SB 38
Background and Procedural Information

On January 9, 2008 Virginia Democratic Senator R. Creigh Deeds introduced Virginia Senate Bill 38 (VA S.B. 38).  As of June 11, 2008 it is currently stalled in the Virginia House of Delegates.   

Under the proposed legislation, are single-member districts a requirement or otherwise implied?

No.  Single-members districts are neither required nor implied.   

Does the proposed legislation provide for Voting Rights Act compliance (e.g. can the commission use voter history information)?

The commission provides that “All districts shall be drawn to comply with…the federal Voting Rights Act as amended, and relevant case law.”  The “initial maps” created by the commission may not use voter history information except for data required for compliance with the Voting Rights Act.  Initial maps are the first maps created by the commission without feedback from the public or legislators.  Subsequent maps may use voter history information.

Under the proposed legislation, how is the commission formed?

The President Pro Tem of the Senate, the House Speaker, the Senate Minority Leader, the House Minority Leader, the Chairpersons of the political parties receiving the most and second most votes in the most recent gubernatorial election will each appoint one member of the commission.  These six commissioners will then appoint, by a vote of at least four members, a final commissioner who will also serve as chairman.  The Chairman may not have served in a political office for the last five years.  The General Assembly has ultimate authority to determine the district boundaries.  The commission merely presents plans and recommendations.
Under the proposed legislation, are competitive districts favored?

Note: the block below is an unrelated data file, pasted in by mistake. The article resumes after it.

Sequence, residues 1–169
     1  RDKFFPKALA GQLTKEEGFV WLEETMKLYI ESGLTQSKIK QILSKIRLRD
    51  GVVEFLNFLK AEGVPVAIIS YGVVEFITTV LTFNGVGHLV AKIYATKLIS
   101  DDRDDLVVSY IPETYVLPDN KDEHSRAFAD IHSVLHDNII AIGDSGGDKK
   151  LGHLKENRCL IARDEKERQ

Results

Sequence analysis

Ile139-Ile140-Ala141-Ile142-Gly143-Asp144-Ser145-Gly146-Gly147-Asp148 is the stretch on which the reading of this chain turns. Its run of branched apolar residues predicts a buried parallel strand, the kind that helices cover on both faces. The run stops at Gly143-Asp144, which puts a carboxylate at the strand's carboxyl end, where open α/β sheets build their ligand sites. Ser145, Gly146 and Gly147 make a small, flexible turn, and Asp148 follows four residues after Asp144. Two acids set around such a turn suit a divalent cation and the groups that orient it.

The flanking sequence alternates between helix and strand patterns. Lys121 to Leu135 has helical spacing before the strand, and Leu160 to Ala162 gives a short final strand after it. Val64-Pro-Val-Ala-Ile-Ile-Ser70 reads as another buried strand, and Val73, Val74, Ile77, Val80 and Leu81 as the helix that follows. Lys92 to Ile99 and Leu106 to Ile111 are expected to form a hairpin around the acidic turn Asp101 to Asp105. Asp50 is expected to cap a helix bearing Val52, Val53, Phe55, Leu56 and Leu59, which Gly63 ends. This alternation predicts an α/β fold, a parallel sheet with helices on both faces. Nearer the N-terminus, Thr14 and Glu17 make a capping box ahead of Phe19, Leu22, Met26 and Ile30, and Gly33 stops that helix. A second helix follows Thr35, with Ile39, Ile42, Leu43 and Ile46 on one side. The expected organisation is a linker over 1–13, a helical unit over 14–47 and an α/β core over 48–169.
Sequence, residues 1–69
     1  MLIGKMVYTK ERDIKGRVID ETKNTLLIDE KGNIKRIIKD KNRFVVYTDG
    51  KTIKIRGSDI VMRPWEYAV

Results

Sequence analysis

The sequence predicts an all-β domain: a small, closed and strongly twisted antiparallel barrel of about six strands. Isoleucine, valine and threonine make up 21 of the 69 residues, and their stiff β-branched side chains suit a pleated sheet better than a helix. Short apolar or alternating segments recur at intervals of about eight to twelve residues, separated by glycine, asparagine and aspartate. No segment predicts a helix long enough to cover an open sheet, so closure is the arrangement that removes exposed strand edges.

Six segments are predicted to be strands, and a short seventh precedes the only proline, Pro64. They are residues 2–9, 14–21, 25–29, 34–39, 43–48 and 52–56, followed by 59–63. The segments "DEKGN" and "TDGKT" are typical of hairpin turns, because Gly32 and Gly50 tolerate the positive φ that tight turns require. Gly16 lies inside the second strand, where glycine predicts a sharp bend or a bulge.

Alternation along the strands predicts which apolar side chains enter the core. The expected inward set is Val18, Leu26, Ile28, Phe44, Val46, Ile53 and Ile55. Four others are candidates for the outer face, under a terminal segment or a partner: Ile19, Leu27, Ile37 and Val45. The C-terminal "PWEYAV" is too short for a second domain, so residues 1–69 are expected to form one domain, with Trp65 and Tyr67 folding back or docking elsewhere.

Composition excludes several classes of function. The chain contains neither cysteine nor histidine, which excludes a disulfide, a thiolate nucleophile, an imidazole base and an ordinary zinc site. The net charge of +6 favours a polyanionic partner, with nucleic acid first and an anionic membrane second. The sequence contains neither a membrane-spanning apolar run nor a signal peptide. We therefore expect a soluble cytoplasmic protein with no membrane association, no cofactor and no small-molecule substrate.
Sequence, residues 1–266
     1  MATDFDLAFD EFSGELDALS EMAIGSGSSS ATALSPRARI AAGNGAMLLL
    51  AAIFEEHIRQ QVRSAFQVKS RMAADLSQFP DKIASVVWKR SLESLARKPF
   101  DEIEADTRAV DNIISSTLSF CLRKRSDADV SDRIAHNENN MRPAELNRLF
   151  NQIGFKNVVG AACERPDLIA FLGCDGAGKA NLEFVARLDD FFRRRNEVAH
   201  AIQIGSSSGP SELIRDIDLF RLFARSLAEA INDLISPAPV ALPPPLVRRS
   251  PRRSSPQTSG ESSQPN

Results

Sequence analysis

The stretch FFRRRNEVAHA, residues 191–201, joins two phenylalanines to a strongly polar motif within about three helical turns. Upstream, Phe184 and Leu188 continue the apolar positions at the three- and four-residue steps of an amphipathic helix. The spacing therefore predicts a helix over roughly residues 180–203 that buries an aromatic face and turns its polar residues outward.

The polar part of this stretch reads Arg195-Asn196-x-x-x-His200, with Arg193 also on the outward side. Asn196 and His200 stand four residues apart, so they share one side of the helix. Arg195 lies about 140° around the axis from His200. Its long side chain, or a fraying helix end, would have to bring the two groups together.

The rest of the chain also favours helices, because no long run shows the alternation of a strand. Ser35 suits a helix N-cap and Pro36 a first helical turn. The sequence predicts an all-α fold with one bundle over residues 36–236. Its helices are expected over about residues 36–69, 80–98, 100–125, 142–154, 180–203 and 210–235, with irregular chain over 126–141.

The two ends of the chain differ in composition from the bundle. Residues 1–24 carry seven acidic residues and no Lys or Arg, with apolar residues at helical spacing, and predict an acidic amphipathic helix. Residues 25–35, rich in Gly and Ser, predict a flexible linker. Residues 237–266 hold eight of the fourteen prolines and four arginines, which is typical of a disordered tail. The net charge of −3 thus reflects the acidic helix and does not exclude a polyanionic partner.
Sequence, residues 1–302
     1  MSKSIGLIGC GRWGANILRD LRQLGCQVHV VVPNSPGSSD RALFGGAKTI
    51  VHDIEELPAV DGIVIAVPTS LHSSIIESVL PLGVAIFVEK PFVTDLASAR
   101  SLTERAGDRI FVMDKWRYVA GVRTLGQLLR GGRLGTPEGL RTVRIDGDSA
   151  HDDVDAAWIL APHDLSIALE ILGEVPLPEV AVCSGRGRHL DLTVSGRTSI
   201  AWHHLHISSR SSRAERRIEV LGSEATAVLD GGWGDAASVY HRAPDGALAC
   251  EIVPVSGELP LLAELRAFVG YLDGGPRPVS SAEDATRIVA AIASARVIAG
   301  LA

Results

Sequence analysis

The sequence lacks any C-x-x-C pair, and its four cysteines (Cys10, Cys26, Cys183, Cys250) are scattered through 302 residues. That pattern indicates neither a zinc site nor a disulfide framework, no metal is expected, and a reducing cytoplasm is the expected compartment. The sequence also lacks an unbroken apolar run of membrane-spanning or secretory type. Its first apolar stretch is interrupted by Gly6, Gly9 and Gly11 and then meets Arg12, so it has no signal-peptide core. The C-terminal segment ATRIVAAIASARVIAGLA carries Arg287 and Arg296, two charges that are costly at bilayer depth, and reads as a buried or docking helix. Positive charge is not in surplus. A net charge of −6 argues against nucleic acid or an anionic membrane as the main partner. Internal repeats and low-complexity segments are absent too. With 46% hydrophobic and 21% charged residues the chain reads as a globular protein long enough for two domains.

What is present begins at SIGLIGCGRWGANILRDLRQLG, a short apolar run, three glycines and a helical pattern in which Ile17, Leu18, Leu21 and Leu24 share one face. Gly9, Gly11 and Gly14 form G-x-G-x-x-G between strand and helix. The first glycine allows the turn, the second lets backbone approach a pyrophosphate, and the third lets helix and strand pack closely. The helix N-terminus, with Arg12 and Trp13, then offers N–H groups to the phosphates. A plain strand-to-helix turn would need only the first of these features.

Yes.  The commission is to use eight redistricting criteria.  Promoting “Competitiveness to the extent practicable” is encouraged as long as “no district shall be made artificially competitive in violation of other standards.” So, while competition is a standard, it is the lowest priority standard.

Under the proposed legislation, can members of the public submit plans?

No.  The public may attend a series of at least five public meetings where they can give the commissioners comments and suggestions.   

Does the proposed legislation allow for mid-decade redistricting?

Yes, but only if ordered to do so by a court or the federal government.  

October 23rd 2005
Who Should Redistrict?

The New York Times Magazine explains the dilemmas many states, including California, face as they attempt to create competitive and fair congressional districts. Dean Murphy cites FairVote's statistics.

October 15th 2005
Wamp fresh leadership for sagging Republicans
The Tennessean

According to FairVote's Ryan O'Donnell, the Republican party should seize the opportunity to embrace electoral reforms, and take the lead on ending gerrymandering.

October 5th 2005
Mapping the way to a better system
Boston Herald

Why Massachusetts should turn a critical eye towards gerrymandering. This article mentions Fairvote.

October 2nd 2005
Several states may change redistricting process
L.A. Times

Discussion of redistricting practices in California, Massachusetts and Florida. Mentions Tanner's bill.

September 25th 2005
Local GOP breaks with governor to oppose redistricting
Auburn Journal

An article about the debate over a proposal that would give a panel of judges the responsibility of redistricting

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